The recent regulations proposed by the Bush administration's Health and Human Services officials, if put into play, would not only send the administration out in a blaze of shame and vindictiveness toward women throughout the country, but also turn the clock back a full century.
A hundred years ago, when Margaret Sanger, the mother of birth control, was waging her battle to decriminalize contraception, one of the many obstacles she faced was the public's inability to distinguish between birth control and abortion. Sexual knowledge was so muddled and public discussion so muted that many men and women did not understand there even was a difference. Letters in the Sanger archives tell of having to explain to U.S. Congressmen that one was a preventive measure and the other a medical procedure. Most of the Congressmen refused to listen. Sex was a taboo subject, though not an unknown pastime. The ones who did pay attention often ended up snickering.
Our current society is saturated with sex. It sells every product under the sun, floods the air waves, and inundates the internet. But the Bush administration, ever backward looking, still cannot distinguish between contraception and abortion. An August 10th editorial in the Houston Chronicle discusses a regulation now under consideration that would classify most birth control pills, IUDs, and Plan B emergency contraception as abortion. The latter would not be permitted even in case of rape. The proposal does not argue that these methods are not preventatives. It argues that since they prevent the fertilization of eggs, they are abortion. The Bush administration has never been on easy terms with modern science.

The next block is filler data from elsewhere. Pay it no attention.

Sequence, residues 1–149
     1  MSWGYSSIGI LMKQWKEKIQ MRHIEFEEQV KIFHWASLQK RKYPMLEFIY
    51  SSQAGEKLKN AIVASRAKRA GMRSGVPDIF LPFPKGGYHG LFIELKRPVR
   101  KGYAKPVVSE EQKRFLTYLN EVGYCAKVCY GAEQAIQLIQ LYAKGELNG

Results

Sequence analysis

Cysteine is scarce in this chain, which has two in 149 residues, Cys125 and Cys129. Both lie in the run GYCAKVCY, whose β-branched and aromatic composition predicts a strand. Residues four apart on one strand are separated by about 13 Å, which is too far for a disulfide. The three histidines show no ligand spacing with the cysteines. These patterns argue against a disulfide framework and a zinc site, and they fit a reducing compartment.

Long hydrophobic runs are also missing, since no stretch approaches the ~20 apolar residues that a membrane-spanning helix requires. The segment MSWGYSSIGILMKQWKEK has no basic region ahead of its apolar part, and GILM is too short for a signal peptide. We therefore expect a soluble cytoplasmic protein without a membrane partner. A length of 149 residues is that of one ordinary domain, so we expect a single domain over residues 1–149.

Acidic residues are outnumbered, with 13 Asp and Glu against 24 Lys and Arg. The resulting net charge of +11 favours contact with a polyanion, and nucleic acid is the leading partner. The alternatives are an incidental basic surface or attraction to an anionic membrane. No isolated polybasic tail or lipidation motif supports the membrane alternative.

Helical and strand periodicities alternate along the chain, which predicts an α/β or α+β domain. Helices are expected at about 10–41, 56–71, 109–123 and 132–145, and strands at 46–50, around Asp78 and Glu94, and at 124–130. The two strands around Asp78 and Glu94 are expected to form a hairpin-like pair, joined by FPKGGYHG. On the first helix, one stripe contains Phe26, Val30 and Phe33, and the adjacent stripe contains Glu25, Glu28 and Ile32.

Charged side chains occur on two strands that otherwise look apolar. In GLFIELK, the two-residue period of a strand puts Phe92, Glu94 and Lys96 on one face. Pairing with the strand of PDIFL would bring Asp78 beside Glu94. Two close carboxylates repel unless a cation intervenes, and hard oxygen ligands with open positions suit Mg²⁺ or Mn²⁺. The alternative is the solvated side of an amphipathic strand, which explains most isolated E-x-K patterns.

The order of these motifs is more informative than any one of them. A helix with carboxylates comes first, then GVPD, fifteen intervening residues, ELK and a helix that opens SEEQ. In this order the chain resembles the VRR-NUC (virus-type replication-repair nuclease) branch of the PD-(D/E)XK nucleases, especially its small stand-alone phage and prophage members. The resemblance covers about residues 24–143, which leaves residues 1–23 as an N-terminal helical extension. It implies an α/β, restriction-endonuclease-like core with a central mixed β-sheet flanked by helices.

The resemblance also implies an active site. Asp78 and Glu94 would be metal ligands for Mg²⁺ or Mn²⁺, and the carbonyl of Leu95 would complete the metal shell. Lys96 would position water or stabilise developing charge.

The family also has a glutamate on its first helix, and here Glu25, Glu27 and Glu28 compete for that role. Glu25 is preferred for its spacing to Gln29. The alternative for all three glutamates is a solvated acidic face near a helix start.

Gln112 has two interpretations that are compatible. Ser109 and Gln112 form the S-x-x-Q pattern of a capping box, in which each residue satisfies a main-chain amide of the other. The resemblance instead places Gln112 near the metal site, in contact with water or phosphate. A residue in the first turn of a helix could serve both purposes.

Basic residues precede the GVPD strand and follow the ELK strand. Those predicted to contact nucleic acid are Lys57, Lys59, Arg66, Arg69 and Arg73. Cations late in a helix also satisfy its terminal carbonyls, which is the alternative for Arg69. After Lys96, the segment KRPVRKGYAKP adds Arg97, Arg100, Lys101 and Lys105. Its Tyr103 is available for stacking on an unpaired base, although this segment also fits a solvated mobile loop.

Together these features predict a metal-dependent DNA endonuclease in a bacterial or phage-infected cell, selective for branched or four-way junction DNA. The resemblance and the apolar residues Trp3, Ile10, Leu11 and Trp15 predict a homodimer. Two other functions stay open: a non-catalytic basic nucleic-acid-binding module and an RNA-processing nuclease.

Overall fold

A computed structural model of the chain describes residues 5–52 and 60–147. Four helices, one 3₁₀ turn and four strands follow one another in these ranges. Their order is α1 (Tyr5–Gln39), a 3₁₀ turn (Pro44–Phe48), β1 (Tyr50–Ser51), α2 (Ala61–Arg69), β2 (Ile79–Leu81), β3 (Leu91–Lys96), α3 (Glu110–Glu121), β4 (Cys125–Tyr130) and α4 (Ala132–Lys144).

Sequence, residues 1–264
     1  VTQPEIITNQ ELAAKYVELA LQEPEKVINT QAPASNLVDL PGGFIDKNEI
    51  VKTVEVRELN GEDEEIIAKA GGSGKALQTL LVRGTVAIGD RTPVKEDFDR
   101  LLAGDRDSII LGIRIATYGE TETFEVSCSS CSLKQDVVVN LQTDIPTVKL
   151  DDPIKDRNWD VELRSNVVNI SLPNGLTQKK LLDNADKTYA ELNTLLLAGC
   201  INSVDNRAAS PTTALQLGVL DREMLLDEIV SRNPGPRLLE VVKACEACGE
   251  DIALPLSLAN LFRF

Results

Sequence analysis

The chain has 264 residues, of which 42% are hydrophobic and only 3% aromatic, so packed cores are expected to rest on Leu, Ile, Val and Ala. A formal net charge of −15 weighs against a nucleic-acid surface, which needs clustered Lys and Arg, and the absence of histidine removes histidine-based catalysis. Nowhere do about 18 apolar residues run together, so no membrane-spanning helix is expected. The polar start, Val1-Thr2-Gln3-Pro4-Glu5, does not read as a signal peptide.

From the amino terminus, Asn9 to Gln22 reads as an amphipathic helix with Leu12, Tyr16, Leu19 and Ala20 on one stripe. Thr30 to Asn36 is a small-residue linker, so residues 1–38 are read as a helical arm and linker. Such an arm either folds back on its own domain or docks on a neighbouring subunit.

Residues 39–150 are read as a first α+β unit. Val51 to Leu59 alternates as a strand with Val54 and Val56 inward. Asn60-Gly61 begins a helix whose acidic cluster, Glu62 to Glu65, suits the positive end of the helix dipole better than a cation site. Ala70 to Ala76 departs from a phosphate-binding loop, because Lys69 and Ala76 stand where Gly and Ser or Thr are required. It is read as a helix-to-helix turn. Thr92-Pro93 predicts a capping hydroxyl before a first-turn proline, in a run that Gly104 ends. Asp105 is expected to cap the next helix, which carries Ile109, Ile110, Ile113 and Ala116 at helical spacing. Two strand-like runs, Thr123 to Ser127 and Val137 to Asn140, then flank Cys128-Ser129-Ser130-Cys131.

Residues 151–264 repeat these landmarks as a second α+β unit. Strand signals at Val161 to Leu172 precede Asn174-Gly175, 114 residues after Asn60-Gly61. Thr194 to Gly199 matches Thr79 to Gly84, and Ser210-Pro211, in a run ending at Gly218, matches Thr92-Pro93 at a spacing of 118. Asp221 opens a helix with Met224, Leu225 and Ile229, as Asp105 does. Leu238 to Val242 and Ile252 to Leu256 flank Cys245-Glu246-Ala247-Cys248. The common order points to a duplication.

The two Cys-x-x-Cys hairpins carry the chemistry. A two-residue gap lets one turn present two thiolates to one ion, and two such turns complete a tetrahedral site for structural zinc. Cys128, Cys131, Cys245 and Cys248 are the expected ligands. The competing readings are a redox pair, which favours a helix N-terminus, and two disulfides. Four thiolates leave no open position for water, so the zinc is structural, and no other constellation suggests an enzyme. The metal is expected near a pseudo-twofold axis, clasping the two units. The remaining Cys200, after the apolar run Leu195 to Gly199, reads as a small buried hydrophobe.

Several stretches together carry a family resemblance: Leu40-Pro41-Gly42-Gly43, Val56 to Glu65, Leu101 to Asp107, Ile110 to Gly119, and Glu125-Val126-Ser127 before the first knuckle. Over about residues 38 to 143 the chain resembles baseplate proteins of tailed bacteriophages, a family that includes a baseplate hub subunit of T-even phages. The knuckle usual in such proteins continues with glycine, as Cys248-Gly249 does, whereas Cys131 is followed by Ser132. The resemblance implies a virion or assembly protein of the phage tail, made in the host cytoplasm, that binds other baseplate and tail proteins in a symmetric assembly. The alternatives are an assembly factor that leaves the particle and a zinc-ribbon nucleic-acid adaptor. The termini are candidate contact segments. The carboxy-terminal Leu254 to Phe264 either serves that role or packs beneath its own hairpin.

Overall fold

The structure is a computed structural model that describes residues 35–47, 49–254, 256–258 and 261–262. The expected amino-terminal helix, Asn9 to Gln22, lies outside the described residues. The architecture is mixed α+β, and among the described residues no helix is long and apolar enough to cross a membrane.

Opposition to the regulations includes not only Planned Parenthood, which is to be expected, but the American Medical Association and the American College of Obstetricians and Gynecologists. But again, this administration has no interest in medical or any other kind of expert opinion. The Decider knows he's right.
A bipartisan congressional group also opposes the regulations, but, and here's the really scary part, the draft does not require congressional approval.
In some ways, we have come a long way since Margaret Sanger went to jail for opening a clinic in Brooklyn to provide health care for poor women. Recent polls show that the American public overwhelmingly supports birth control. But thanks to Bush and the social conservatives who helped put him in office, poor women still do not have access to health care, and medical practice is state of the art -- circa 1908.
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